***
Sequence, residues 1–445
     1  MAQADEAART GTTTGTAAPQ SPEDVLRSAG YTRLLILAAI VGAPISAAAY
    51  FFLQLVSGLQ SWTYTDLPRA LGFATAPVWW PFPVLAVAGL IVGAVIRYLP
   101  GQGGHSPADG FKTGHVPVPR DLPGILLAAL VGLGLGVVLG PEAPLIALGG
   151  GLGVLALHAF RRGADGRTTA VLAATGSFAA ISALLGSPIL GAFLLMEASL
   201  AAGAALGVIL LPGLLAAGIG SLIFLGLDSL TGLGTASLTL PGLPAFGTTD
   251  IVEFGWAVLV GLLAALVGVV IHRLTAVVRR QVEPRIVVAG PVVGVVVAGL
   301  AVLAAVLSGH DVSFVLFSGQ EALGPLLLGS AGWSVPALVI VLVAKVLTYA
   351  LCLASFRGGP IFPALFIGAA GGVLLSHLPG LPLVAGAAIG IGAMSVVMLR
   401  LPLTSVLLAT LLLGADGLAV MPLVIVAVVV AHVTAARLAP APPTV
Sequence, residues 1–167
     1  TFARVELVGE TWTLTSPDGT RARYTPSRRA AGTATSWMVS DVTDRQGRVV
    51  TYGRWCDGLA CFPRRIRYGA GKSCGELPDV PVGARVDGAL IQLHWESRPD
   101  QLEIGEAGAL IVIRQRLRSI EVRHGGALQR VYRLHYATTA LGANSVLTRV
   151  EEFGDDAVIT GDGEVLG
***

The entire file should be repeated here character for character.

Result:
Sequence, residues 1–445
     1  MAQADEAART GTTTGTAAPQ SPEDVLRSAG YTRLLILAAI VGAPISAAAY
    51  FFLQLVSGLQ SWTYTDLPRA LGFATAPVWW PFPVLAVAGL IVGAVIRYLP
   101  GQGGHSPADG FKTGHVPVPR DLPGILLAAL VGLGLGVVLG PEAPLIALGG
   151  GLGVLALHAF RRGADGRTTA VLAATGSFAA ISALLGSPIL GAFLLMEASL
   201  AAGAALGVIL LPGLLAAGIG SLIFLGLDSL TGLGTASLTL PGLPAFGTTD
   251  IVEFGWAVLV GLLAALVGVV IHRLTAVVRR QVEPRIVVAG PVVGVVVAGL
   301  AVLAAVLSGH DVSFVLFSGQ EALGPLLLGS AGWSVPALVI VLVAKVLTYA
   351  LCLASFRGGP IFPALFIGAA GGVLLSHLPG LPLVAGAAIG IGAMSVVMLR
   401  LPLTSVLLAT LLLGADGLAV MPLVIVAVVV AHVTAARLAP APPTV
Sequence, residues 1–167
     1  TFARVELVGE TWTLTSPDGT RARYTPSRRA AGTATSWMVS DVTDRQGRVV
    51  TYGRWCDGLA CFPRRIRYGA GKSCGELPDV PVGARVDGAL IQLHWESRPD
   101  QLEIGEAGAL IVIRQRLRSI EVRHGGALQR VYRLHYATTA LGANSVLTRV
   151  EEFGDDAVIT GDGEVLG